Macon Democrat Announces For Public Service Commission

It's about damn time these Democrats stopped pussyfooting around on this.

A member of Macon Mayor Robert Reichert's staff is throwing his hat in the race for a state agency job.

Keith Moffett says he'll run for the Georgia Public Service Commission, district two seat.

The Public Service Commission regulates electric, telecommunication, and transportation services throughout the state.

Susskind, Stephanie (2010-4-13). Macon City Official Will Run for State Public Service Commission. WMAZ-TV. Retrieved on 2010-4-14.

A Quick Word On The 2010 Agriculture Commissioner Election

I don't believe a Republican has ever been elected Commissioner of Agriculture. Tommy Irvin has held the position since 1969, but this year he's retiring.

To date, no Democrat has thrown their hat in the ring to succeed Commissioner Irvin. No Democrat has even filed papers with the State Ethics Commission to begin raising money for the race.

I am not content to let a Democratic seat go uncontested for the first time. . .ever. So I'm issuing an ultimatum:

If no Democrat files papers with the State Ethics Commission by April 19th (that's a Monday), I'm filing papers to run.

Furthermore, if no Democrat qualifies for Agriculture Commissioner by Friday, April 30 at 9AM, then I'm running myself.

I do not want to run for this office, but I'm not leaving it uncontested. Find a Democrat to run or I'm running.

House Speaker To MARTA: Drop Dead

AJC Political Insider Jim Galloway brings our attention to some disappointing comments made by Georgia House Speaker David Ralston (R - Blue Ridge) concerning the Metropolitan Atlanta Rapid Transit Authority.

Denis O’Hayer of WABE (90.1FM) has posted the second part of an audio interview with House Speaker David Ralston (R-Blue Ridge).

The speaker drops few clues on what a passable transportation bill might look like. But this exchange doesn’t bode well for the transit agency:

O’Hayer: Can MARTA survive another year without a transportation plan that includes some loosening of the restrictions that it faces on how it spends the tax revenue it gets?

Ralston: I’ve been trying to understand how MARTA got in the problem they’re in. I think that we have to have a better understanding of what brought us to this point before we know how to get out of the problem.

Galloway, Jim (2010-4-13). House Speaker David Ralston: MARTA will have to wait. Political Insider. Retrieved on 2010-4-14.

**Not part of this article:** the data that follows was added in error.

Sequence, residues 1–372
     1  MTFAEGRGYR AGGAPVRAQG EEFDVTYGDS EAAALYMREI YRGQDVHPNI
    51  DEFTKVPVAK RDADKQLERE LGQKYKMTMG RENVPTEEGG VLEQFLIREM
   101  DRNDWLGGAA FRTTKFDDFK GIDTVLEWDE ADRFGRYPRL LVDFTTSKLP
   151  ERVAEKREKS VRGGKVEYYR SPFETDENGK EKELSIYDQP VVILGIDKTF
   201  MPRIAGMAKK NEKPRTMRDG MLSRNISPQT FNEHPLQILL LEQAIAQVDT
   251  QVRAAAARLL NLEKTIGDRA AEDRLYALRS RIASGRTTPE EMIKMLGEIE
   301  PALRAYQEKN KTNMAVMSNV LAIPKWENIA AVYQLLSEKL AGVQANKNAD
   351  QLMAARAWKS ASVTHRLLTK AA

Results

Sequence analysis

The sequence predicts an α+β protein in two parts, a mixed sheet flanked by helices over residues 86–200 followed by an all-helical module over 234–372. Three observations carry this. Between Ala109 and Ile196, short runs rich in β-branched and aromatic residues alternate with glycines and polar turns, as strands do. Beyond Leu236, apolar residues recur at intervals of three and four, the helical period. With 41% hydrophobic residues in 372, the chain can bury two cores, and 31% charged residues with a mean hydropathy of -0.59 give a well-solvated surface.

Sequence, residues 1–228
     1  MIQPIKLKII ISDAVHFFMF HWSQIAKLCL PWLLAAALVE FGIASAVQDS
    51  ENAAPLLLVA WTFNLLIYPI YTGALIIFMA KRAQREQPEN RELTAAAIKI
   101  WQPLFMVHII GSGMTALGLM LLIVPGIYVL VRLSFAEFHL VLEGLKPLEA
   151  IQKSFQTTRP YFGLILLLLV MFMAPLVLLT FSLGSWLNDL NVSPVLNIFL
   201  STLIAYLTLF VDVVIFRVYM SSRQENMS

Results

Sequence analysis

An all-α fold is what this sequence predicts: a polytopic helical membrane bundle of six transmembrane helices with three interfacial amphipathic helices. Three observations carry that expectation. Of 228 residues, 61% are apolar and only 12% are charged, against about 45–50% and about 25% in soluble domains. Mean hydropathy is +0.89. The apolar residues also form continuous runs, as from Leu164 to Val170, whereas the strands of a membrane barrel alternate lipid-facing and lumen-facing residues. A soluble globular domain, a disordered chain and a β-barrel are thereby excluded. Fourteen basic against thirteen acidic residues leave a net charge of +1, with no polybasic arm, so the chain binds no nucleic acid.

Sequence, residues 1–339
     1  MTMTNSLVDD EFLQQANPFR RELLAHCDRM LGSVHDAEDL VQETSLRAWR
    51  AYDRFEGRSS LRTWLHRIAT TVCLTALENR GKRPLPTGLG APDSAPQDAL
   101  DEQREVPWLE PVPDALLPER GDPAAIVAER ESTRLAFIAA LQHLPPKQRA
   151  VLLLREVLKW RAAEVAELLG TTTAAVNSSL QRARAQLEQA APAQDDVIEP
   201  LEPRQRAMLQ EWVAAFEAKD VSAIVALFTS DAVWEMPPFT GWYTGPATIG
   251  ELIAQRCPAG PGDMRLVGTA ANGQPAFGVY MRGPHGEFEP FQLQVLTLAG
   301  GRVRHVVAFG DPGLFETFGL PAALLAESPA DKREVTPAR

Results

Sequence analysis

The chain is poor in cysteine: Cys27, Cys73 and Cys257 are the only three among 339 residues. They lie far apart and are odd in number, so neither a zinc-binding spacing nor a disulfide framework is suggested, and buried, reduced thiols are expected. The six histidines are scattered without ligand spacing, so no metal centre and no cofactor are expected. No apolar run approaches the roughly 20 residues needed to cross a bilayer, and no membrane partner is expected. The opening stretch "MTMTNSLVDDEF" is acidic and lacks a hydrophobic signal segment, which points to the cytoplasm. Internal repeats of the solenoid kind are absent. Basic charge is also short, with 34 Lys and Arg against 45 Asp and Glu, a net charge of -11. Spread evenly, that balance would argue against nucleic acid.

For all intents and purposes, the Speaker told MARTA to drop dead with his comments.

You see, MARTA is a transit agency that receives no funding from the state. In addition, MARTA isn't able to access half the sales tax revenue it collects due to a restriction put in place by the legislature four decades ago.

Last year, MARTA was brought to the brink of draconian cuts to service before the Atlanta Regional Commission (ARC) stepped up and bailed the transit system out [Shirek, Jon (2009-4-10). Suburbs Save MARTA. WXIA-TV. Retrieved on 2010-4-14.]. There was hope, at the time, that the ARC bailout would convince legislative leaders to pass a bill giving MARTA access to the estimated $65 million it has sitting in the bank.

That hope has faded with the words of House Speaker David Ralston.

It is disheartening that our legislative leaders seem to have no vision or foresight.

13 April 2010

Quote of the Day: the Albany Herald edition

Some Georgians are still under the mistaken impression that they can send a representative or senator to Atlanta and that lawmaker is free to vote as he or she believes those constituents want. The truth is, it doesn’t work like that, and it hasn’t for a long time, not in Atlanta and not in Washington, D.C. Lawmakers are free to vote their convictions ... as long as those convictions don’t run afoul of positions the ruling party has a real interest in.

Legislators pay for no-tax votes. Albany Herald. Retrieved on 2010-4-13.

Shame, ain't it?

12 April 2010

A Note From A State Democratic Committee Member